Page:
triple C=(-0.98,-0.17,-0.14);
triple MAC=(0,-0.98,0.2); // mid-edge

path3 gc1=(A..MAB..B); //to avoid computation
path3 gc2=(B..(-0.93,-0.33,0.18)..MBC); // I use asymptote path3 routine
path3 gc3=(MBC..MAC..A);
// I recover the different tangents in A, B, C 
// to construct a cycle-path3 of length 3.
path3 gc=point(gc1,0){dir(gc1,0)}..{dir(gc1,2)}point(gc1,2){dir(gc2,0)}



But as you can see it only covers a part, it is too laborious to calculate the points so that everything goes well, at first I thought about patching it until it comes out, but after a few hours of trying I gave up.

Original question the cylinder must have as its center (*,-1/3,0), in this way the cylinder must be parallel to the x axis. Where the planes are tangent to the cylinder and seen in the yz-plane, we have something like this enter image description hereenter image description here

1 Answer 1


Perhaps something like this? enter image description here

I'm using TikZ 3d and isometric perspective. There are a couple of simplifications. Some points were found by trial-and-error over the sphere (if you see an angle not multiple of 15, that's one of them), because to accurately find them will be quite heavy on the math department. Then, the back curve of intersection between cylinder and sphere lies almost over the sphere border so it's not drawn.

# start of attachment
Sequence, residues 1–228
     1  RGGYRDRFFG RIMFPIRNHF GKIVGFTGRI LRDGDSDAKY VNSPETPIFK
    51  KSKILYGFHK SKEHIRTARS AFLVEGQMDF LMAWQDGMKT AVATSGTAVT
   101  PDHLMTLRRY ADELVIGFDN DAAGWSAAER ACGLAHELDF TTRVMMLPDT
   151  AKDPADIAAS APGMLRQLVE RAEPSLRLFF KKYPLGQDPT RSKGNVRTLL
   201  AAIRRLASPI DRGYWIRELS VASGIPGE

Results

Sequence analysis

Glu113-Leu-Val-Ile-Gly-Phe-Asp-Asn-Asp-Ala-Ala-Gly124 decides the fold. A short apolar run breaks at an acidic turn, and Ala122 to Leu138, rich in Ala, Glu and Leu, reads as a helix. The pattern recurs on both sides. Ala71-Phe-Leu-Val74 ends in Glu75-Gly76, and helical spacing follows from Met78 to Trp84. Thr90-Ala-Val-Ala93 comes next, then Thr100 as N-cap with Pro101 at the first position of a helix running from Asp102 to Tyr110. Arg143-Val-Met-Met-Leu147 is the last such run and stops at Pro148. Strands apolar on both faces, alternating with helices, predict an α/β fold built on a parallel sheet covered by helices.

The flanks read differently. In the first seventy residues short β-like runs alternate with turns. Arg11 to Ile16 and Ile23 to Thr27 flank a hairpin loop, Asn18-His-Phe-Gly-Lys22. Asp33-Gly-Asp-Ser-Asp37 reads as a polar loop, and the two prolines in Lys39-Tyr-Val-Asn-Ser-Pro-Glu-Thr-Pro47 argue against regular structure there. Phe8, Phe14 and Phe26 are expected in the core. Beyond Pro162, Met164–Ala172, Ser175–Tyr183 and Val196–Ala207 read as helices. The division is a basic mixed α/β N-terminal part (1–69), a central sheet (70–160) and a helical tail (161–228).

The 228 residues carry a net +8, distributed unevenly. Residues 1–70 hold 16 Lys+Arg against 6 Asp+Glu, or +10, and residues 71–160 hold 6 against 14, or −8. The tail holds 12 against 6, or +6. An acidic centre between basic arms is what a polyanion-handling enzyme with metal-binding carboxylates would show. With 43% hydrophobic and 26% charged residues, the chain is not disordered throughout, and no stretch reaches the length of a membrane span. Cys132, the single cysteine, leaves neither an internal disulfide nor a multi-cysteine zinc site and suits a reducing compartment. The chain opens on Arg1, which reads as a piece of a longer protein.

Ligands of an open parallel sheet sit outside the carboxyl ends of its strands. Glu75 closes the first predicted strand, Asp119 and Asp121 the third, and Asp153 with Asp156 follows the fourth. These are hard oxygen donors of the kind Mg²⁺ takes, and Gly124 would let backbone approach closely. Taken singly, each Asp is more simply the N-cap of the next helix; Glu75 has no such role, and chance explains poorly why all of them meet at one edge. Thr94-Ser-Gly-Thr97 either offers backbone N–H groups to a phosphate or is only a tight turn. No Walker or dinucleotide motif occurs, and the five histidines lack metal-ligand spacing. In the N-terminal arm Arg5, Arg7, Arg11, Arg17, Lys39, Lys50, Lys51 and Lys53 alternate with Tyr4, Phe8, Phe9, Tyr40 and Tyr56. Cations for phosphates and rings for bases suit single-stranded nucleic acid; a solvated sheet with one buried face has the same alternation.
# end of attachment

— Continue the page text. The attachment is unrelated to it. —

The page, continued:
This is the code:


  cylinder/.style={thick,bottom color=magenta!80!black,top color=white,shading angle=-30},
  inside/.style={thick,bottom color=gray!20,top color=gray!80,shading angle=-30},
  sphere/.style={thick,ball color=blue,fill opacity=0.4},
  plane/.style={thick,fill=orange,fill opacity=0.7},

\begin{tikzpicture}[line cap=round,line join=round,
                    isometric view,rotate around z=180,rotate around x=90]
  \pgfmathsetmacro\a{asin(0.5)} % planes angle
  % bottom plane
  \draw[plane] (0,0,-4) {[rotate around z=-\a,canvas is xz plane at y=0] arc (-90:16:4)} --
               (218:4cm) arc (218:150:4cm) -- (0,0,6) --++ (-\a:6) --++ (0,0,-12) -- (0,0,-6) -- cycle;
  % cylinder, back and inside
  \draw[cylinder] (2,0,6) + (135:1) arc (135:-45:1) --